Definition of untenured in English:

untenured

adjective

  • 1(of a teacher or lecturer) not having a permanent post.

    ‘younger untenured academics’
    • ‘A mother bemoaned the layoff of the untenured special ed teacher who had taught her autistic child.’
    • ‘Consequently, untenured assistant professors would follow the lead of their heads of departments and would show low interest in historical research.’
    • ‘Although even tenured professors can be influenced by the economic and psychological pressures of student evaluations, untenured instructors and adjuncts who work on yearly contracts are the most vulnerable.’
    • ‘Everyone knows that tenured professors hold a lot more job security than untenured ones.’
    • ‘Hey, who are Americans going to listen to - an untenured professor located somewhere in flyover country, or the guy who won the popular vote for President in 2000?’
    • ‘The older established professors from the school of business had told the younger, untenured and probationary and less established professor from the Faculty of Education that he lacked courage and it was getting in the way of the truth.’
    • ‘Is pithy a good thing for an untenured professor?’
    • ‘As an untenured professor, it is important that my colleagues know that I take my work inside and outside of the classroom seriously.’
    • ‘This blogger claims to be an untenured professor at a school that likes to think of itself as a top ten law school.’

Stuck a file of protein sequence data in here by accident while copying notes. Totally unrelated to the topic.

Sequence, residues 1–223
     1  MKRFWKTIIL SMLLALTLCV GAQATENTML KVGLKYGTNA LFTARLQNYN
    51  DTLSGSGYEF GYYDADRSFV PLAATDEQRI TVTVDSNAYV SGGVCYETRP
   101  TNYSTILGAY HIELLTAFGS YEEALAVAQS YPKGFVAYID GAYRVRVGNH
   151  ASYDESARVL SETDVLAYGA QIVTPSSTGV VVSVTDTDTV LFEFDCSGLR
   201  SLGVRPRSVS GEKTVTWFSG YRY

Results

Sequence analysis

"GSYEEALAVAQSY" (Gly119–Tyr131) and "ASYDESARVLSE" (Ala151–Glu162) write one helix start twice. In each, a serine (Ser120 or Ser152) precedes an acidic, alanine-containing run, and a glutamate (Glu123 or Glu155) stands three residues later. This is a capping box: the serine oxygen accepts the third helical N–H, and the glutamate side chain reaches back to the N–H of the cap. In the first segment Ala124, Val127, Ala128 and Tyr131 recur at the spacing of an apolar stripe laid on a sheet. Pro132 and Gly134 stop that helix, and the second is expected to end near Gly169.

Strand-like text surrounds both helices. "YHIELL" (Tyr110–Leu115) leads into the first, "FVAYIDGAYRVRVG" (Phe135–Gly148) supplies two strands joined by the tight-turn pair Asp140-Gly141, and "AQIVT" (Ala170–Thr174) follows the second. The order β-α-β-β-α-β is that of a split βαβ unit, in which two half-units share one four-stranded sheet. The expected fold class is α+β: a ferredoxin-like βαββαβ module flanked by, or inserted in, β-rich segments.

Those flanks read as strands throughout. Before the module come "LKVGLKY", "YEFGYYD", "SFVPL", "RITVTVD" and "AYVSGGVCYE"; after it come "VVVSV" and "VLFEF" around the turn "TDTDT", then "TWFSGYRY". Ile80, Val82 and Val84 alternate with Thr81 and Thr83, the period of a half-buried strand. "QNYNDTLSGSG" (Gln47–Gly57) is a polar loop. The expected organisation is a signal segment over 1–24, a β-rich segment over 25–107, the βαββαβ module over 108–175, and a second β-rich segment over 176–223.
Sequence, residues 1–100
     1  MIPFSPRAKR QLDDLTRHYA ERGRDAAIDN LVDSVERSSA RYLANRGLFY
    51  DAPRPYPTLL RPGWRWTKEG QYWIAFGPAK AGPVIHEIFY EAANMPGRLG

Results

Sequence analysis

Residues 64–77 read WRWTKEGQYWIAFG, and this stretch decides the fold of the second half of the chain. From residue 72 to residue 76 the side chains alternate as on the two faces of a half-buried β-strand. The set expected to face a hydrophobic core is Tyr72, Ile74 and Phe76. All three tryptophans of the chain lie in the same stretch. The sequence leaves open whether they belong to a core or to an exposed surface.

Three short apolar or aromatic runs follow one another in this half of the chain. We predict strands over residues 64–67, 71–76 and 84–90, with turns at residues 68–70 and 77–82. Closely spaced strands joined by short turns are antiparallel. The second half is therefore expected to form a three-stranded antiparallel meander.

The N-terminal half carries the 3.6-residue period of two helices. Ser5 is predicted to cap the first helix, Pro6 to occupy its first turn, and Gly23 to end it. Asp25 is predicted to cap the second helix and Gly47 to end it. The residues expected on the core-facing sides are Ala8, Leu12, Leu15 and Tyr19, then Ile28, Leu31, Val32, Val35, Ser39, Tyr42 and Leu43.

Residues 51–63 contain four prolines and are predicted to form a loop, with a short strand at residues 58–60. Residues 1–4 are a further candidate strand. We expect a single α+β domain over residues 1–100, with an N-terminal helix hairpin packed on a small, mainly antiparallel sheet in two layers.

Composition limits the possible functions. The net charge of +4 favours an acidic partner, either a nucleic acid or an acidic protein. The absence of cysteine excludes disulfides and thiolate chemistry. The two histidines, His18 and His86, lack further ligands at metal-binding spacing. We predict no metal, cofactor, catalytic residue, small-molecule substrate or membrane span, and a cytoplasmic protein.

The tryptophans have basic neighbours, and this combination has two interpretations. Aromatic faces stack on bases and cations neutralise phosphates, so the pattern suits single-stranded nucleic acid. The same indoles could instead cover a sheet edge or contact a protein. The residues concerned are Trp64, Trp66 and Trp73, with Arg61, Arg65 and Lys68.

• ‘He is an untenured associate professor at Central Connecticut State University.’
    • ‘In Prussia it was fairly easy to pass the first state examination to become a probationary jurist, but because the higher posts were occupied the lower ranks became clogged by untenured trainees who were unable to obtain promotion.’
    • ‘As an untenured assistant professor, he kept his focus on human intelligence research even when other, more prestigious fields seemed to offer better chances of professional success.’
    • ‘Although we are untenured, professional-track faculty like myself have insider status and some security.’
    • ‘The university would like an untenured professor to assume certain responsibilities (such as teaching a course or taking over some administrative duties).’
    • ‘Via Glenn, I discover one more thing to worry about as an untenured professor.’
    • ‘Others have taken him much more seriously, notably his demand that public intellectuals - especially tenured and untenured professors - be held somehow accountable for their writings beyond the discipline they teach.’
    • ‘It is taking a toll has taken a toll in health and joy of living - in both junior untenured faculty members and senior Full Professors.’
    • ‘Compounding this dejection, untenured lecturers are discovering the practical meanings of what most of the US labor force already knows about the practicalities of at-will termination.’
    • ‘However, there is the political and social reality of untenured teachers that must be considered.’
    • ‘When I was a young untenured professor of philosophy, I once received a visit from a colleague from the Comparative Literature Department, an eminent and fashionable literary theorist, who wanted some help from me.’
    1. 1.1 (of an academic post) not permanent.
      • ‘She got the job, for which she was overqualified, because only she was willing to accept an untenured post.’
      • ‘In 1976, Clarke was given an untenured assistant lectureship.’
      • ‘After two years at Warwick, she resigned her tenured post there and accepted an untenured post at the State University of New York at Stony Brook so that she could be close to him.’

Pronunciation

untenured

/ʌnˈtɛnjəd/